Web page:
13 Questions with Zuri McWhorter

“Write every day. Be uncomfortable, but intuitive.”

Zuri McWhorter
Zuri McWhorter


Coffin Bell: Introduce yourself.

Zuri McWhorter: I am a multi-disciplinary writer and artist from Detroit, MI. I studied screenwriting at Interlochen Arts Camps and literature at Michigan State University. I’ve self-published two poetry chapbooks: Woes of a Well-Lit City and Not Too Far from China. I started the Juste Milieu International Lit & Art zine in 2017. I work as a free-lance screen writing consultant.

CB: When you write, do you start with a plan and move from there, or do you generally go where the writing takes you?

ZM: Naturally, I just drift into my poetry and short fiction projects. I can be dramatic and loving with that work. Recently, I’ve had to learn how to be specific and plan things out when I write scripts and adaptations. They have to follow some sort of formula so that people in the film world can follow.

CB: What’s the best writing advice you’ve ever gotten?

ZM: Write every day. Be uncomfortable, but intuitive.

CB: What advice can you give on editing and revising?

ZM: Have someone else do it. Always.

CB: What publishing advice can you give?

ZM: If you can afford to, do it yourself a few times. You’ll learn the process and know when a “real publisher” is giving you your worth.

CB: Who are your influences?

ZM: Poe, Toni Morrison, Anthony Bourdain, Colette, Donald Glover, and Jordan Peele.

CB: What’s one thing you wish every journal editor knew?

ZM: If you mean about me, I don’t want editors to know anything about me. Judge me strictly on my voice. Generally speaking, if you’re “in a mood”, don’t go picking pieces. You’ll be drawn to things that resonate with you, and not necessarily that of your readers.

CB: Taphophobia is the fear of being buried alive. Tell us about your fears.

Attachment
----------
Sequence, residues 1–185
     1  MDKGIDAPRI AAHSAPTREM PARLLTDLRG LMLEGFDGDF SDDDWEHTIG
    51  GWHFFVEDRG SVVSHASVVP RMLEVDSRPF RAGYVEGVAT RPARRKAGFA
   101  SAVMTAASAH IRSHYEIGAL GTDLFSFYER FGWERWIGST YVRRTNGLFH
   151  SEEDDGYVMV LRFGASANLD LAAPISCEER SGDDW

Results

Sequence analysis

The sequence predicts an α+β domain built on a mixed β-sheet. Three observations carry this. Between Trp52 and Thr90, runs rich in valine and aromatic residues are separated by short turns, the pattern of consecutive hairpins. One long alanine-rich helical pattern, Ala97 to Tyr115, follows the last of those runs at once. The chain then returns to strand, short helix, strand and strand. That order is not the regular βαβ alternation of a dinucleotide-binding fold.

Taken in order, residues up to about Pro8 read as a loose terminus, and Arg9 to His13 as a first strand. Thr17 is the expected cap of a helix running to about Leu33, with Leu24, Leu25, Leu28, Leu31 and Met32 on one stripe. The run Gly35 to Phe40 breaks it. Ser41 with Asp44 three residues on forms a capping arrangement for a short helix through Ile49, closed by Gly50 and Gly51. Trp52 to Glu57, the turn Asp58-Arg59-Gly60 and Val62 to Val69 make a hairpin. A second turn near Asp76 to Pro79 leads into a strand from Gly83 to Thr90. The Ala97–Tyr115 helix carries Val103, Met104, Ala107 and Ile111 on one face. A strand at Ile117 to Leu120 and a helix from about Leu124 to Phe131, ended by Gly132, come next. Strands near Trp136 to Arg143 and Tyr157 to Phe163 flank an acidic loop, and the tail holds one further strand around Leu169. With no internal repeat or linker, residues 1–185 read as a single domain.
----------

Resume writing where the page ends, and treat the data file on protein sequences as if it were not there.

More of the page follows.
ZM: Yikes! Now I’m definitely thinking about being buried alive, which makes me think of a prolonged death. I want to die instantly or never at all. I’m also afraid that none of this is real and that art is just my brain dipping in and out of this asylum we are all in.

CB: What draws you to dark fiction?

ZM: I read A Cask of Amontillado by Poe in the eighth grade. It was the first time I really understood something on both a literary and spiritual level. I’d never seen a story so clear in my head before. I became a bit “emo” after that.

CB: How does the darkness in your piece enhance the work?

ZM: I just think that darkness is an instant human connection. That’s why there are grief groups and not happy groups. But also it can be faked. Although, I’m not quite sure what is harder: to fake happiness or to fake darkness. I try not to do either one, in my writing or in real life.

CB: How important are your surroundings when you write?

ZM: Pretty important. I will go mad if I have to listen to an isolated conversation. Though, the space I’m in can be crowded and busy, but it can’t be too loud. Things have to be passing by. And I like to be inside in front of a window. Or a mirror.

CB: Do you use any sources for your material aside from experience?

ZM: I always Google things and end up down a rabbit hole of ridiculous facts. I look at art, watch a lot of tv and movies. In my head, I am very visual, but I’m a born writer.

CB: Where can we find more of your work?

ZM: At zuri.ink and at literaryhomegirl.com.


Read Zuri McWhorter’s “Bait” in issue 2.1 of Coffin Bell!